Author Topic: Holy Laundry Costs! Need Washing Solution for Apt with No Laundry in Building  (Read 3405 times)

Acg

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Hey guys - So we had twin boys about 6 months ago and we were just spending money where we had to without really thinking about it because you're really just in survival mode with newborn twins.  Anyways, things have started to calm down a little bit (keyword there being "little") and I'm going over our spending from the last 6 months to see where we need to make changes.  Our apartment building doesn't have laundry machines in the building, and when it was just my wife and I, we would drop our laundry off at a local laundromat and have them do the laundry at $1/lb (We live in NYC, I'm sure that price is exorbitant).  I'm looking back at what we have spent to get laundry done now that it's us and the boys and our spending on laundry has nearly tripled to about $130 per month.  Facepunch, yes, I know.  This is crazy, I need to find some kind of solution to do this in our apartment.  Also, I just want to bring something up for those of you that have never had twins (which I assume is almost all of you), I just want to point out that our free time is pretty much zero these days.  So something like handwashing is out of the question.  We need a solution that we can load up, switch on, and come back to find it done.  I'm not trying to be rude - I just know the Mustachian way and someone will suggest that.  We just need to maintain some quality of life.

So does anyone have any suggestions for ideas?  I was looking around and found things like the below which allow you to hook it up to the faucet in your kitchen sink.  It sounds like the spin cycle gets it relatively dry and then we would just need to hang dry it - maybe setup some hang-dry lines in our bathroom.  The capacity for this is pretty small though, I would want something big enough that could handle a load of baby clothes and a separate load of adult clothes (maybe we'd need to split our clothes into two loads.  So does anyone have any thoughts?  Anyone is a similar circumstance?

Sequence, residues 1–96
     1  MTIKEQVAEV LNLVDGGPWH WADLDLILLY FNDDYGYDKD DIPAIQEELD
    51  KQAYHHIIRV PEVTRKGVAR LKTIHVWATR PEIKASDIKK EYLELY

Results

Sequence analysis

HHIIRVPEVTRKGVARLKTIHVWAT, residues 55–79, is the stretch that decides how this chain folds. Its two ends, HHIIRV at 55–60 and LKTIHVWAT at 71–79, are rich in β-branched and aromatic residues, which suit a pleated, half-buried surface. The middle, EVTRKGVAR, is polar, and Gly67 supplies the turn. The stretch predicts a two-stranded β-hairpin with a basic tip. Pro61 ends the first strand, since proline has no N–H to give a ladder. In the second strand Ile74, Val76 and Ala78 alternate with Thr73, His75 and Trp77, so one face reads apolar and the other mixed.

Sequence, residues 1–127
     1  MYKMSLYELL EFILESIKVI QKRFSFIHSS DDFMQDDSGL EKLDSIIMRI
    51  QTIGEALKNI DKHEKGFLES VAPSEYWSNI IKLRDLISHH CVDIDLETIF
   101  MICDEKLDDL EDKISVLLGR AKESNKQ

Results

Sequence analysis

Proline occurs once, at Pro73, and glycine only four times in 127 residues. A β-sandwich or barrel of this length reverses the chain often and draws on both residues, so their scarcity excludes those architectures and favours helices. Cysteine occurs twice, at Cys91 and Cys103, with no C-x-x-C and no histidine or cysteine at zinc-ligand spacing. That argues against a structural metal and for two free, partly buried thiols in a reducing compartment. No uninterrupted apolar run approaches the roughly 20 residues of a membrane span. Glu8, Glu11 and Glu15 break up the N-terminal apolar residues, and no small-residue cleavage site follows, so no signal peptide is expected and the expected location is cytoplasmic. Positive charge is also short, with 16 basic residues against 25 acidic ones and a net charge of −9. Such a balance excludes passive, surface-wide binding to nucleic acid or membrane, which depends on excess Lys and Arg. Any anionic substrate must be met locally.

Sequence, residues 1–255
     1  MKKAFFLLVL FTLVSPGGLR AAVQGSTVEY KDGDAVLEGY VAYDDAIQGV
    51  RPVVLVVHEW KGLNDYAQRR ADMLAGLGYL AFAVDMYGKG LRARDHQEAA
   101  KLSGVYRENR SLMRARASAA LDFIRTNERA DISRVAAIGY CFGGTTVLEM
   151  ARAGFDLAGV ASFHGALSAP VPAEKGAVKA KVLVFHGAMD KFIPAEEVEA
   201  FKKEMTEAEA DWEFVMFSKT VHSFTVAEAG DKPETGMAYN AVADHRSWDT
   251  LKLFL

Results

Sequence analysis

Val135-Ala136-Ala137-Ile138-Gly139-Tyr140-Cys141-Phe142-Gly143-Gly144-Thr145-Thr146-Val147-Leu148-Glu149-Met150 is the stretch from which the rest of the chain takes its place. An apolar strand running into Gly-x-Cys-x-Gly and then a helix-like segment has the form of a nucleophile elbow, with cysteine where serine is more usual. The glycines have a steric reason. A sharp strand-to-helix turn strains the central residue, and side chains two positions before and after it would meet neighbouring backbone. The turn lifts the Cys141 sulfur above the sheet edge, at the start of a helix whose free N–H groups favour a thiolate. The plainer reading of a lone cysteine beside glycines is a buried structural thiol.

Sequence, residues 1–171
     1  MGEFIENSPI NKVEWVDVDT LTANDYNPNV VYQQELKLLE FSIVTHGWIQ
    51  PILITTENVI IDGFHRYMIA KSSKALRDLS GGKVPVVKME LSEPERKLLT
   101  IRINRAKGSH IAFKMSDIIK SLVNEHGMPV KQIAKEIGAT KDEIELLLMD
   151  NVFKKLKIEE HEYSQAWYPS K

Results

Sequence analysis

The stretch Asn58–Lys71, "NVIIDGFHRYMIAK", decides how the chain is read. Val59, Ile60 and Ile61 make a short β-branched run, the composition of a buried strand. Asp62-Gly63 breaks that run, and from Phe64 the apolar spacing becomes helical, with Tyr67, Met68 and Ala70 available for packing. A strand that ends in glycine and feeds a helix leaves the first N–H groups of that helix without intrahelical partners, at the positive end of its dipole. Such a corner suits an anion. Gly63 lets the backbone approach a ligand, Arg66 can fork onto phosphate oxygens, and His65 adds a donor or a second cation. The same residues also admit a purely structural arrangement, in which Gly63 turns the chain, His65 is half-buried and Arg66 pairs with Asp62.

http://www.amazon.com/The-Laundry-Alternative-Capacity-Automatic/dp/B00RL014P2/ref=pd_sbs_265_1?ie=UTF8&dpID=41GvQvH5OvL&dpSrc=sims&preST=_AC_UL160_SR120%2C160_&refRID=0D5BKBJXRR9D4TFRKZR8

Kris

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It strikes me that this moght be better suited for you. Small frequent loads that take very little time to do. You could save the larger trips to the laundry for when a larger load really needs to be done.

http://www.amazon.com/Laundry-Alternative-Wonderwash-Non-electric-Portable/dp/B002C8HR9A/ref=sr_1_1?s=appliances&ie=UTF8&qid=1454171633&sr=1-1&keywords=hand+crank+washing+machine

MayDay

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How much would it cost to do at a local laundromat? I would probably only do that I'd you have one with a 1-2 block walk.

Often with a family its actually less time consuming to do 5 loads all at once and be done- but having to schlep laundry makes that complicated. I'm surprised there aren't machines in your basement though.


meg_shannon